the demonstration.
4. Have students attach their PV cell to an ammeter. Make sure the positive and negative ends of
the PV cell wires match up with the ammeter. Assign one student in each group to measure and

another to record the current for the experiments on their groups worksheet. Have each group do
one of the following experiments and share their findings with the class:
EXPERIMENT 1: How does light intensity affect how much electricity a solar cell can produce?
Procedure: Have students place the PV cell at distances of 4 cm, 12 cm, and 25 cm from a strongly
directional light source other than the sun (a shaded desk lamp is good). The solar cell should be
held facing directly at the light source. Ask students to measure the current of the cell at 4 cm, 12
cm, and 25 cm from the light source. Have students graph the results.
EXPERIMENT 2: How does the angle to the light source affect how much electricity a solar cell
can produce?
Procedure: Have students place their PV cells on a horizontal surface in direct sunlight (either
outside or on a sunny window sill). Measure the current. Then, have them point the PV cell directly
at the sun: slant it so that its shadow is directly behind it, with the cells face perpendicular to the
suns rays (one way to discover the suns direction is to insert a stick in the ground and tilt it until it
has no shadow). Measure the current. Students might also measure the PV cells current at
decreasing 15 intervals from the perpendicular (90, 75, 60, 45, 30, and 15), then graph the
measurement. The result should be a sinusoidal curve.
EXPERIMENT 3: How does concentrating the light affect how much electricity a solar cell can
produce?
Procedure: Have students measure the current of a PV cell under a light source (a lamp or the sun).
Then, have them concentrate the light source on the cell with a magnifying glass (move the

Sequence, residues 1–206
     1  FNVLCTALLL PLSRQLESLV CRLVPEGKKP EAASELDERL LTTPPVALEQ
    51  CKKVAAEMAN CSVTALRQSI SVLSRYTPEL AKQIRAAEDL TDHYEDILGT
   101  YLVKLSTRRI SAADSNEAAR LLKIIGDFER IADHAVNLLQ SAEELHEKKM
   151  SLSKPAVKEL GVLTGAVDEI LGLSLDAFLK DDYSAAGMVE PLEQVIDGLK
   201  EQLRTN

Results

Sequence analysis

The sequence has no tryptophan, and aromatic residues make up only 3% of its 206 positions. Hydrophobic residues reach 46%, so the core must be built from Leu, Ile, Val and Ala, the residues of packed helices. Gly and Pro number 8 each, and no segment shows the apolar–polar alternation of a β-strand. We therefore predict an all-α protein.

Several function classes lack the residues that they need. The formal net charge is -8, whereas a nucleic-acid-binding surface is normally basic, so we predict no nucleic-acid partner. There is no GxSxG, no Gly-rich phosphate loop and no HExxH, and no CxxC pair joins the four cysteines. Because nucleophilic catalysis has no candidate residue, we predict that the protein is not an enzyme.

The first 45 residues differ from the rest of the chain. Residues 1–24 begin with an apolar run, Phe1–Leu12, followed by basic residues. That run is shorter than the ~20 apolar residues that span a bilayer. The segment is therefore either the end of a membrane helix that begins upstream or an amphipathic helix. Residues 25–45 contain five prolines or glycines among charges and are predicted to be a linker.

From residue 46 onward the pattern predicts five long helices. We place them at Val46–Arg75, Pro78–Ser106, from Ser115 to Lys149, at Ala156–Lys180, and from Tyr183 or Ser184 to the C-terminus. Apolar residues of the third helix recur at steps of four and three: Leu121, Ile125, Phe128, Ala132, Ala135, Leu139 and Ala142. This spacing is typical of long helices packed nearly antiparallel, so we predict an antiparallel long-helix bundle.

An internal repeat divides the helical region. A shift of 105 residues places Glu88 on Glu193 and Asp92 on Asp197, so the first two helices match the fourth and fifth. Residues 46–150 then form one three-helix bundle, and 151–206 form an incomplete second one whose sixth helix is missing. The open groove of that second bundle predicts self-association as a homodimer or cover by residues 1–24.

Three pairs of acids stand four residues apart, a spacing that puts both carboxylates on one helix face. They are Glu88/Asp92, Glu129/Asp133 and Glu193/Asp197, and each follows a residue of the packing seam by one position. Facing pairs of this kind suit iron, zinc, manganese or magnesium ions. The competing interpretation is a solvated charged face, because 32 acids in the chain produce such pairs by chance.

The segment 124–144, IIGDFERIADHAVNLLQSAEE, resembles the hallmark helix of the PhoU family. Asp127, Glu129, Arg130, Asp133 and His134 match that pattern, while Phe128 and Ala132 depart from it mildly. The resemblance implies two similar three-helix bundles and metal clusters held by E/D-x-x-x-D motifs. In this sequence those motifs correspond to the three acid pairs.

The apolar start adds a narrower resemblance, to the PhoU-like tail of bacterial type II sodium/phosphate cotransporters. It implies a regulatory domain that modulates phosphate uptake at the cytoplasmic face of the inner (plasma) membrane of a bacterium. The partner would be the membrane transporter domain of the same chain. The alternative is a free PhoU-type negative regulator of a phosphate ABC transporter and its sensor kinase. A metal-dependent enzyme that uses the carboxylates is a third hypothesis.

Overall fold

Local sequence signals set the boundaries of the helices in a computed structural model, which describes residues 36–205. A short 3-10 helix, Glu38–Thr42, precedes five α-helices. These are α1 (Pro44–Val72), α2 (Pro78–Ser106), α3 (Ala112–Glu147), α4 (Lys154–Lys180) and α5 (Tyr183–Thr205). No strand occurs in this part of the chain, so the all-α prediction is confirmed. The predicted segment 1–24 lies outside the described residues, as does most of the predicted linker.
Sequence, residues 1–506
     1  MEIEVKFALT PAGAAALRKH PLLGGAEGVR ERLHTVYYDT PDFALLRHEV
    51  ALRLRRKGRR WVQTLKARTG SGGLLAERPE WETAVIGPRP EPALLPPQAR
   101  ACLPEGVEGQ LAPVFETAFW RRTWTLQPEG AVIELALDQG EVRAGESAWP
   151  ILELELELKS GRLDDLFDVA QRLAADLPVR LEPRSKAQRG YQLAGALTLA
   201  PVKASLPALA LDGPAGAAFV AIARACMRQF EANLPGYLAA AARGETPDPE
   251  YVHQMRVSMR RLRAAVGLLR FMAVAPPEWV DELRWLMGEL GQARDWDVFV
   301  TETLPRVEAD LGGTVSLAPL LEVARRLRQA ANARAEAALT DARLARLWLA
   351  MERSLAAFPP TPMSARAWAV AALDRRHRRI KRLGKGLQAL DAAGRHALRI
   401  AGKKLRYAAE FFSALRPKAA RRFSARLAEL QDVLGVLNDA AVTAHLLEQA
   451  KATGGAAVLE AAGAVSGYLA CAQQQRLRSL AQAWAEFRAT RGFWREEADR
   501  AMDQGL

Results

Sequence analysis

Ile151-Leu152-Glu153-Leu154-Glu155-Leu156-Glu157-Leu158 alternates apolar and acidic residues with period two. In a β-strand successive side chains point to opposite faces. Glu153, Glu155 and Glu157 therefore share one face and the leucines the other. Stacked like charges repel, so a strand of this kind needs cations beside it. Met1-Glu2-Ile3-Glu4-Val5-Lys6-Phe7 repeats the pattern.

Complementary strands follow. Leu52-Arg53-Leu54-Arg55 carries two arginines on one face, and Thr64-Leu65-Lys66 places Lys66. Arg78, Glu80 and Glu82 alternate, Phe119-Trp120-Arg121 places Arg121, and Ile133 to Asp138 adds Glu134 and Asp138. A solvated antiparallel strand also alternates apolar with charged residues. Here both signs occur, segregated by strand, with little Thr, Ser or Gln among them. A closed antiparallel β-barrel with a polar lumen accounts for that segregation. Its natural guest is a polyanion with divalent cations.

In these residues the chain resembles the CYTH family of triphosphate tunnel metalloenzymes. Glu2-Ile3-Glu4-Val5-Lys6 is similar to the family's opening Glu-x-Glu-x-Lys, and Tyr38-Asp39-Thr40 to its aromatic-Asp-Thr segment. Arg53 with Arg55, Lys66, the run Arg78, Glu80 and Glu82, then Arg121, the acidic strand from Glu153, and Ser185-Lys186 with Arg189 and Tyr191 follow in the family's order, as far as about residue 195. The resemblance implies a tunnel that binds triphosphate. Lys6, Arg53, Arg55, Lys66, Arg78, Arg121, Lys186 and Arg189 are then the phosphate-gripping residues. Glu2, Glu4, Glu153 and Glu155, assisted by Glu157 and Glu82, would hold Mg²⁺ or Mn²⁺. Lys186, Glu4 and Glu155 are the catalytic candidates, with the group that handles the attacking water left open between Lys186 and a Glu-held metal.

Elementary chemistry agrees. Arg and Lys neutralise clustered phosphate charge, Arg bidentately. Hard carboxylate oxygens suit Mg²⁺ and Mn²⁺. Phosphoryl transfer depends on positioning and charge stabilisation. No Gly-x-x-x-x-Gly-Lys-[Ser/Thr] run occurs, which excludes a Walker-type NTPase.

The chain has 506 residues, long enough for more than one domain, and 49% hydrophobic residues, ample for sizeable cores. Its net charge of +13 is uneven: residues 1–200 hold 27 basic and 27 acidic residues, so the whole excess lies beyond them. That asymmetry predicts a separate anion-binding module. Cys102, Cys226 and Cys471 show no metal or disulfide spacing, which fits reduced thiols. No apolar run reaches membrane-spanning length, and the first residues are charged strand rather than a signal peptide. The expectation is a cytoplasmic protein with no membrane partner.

magnifying glass around until a bright area appears on the cell). Measure the new current.
Alternatively, students can make a cardboard reflector. Cut out a cardboard shape and glue
aluminum foil on the four flaps. Place the solar cell in the base and fold up the four side flaps to
reflect light on the cell. Measure the new current
5. Summarize your findings by averaging together the measurements of all the groups.
6. Tell students about recent improvements and discoveries in photovoltaic technology such as thin
film or amorphous silicon cells. Include information about solar farms. Share with them some
information about the solar farm Augua Caliente in Arizona:
http://www.forbes.com/sites/uciliawang/2014/04/29/behold-the-worlds-largest-solar-panelpower-plant-in-arizona/
8. Tell students that they will use the knowledge they have gained today to compose a threeparagraph description of what they think an ideal solar farm would look like. They should include
how many solar panels are on their farm, where their farm is located, how the panels are organized
on their farm, if their panels are at an angle and what angle they are at, if they have any way of
concentrating the light on their cells, etc. They must explain why they chose what they did for their
farm using the data collected today as evidence for their reasoning. Students should organize their

writing in a way that someone who does not know about solar energy and how it works would be
able to understand their description and reasoning. Once they have met the requirements,
encourage students to include their own ideas for ways to improve solar energy harvesting.
Paragraph 1 Introduction to solar energy, what it is and how it works
Paragraph 2 The logistics of their farm, how it is set up
Paragraph 3 The rationale/reasoning for why they set up their farm the way they did,
including data as evidence for their reasoning
RESOURCES
This lesson was from a unit designed by the Union of Concerned Scientists. Their full unit can be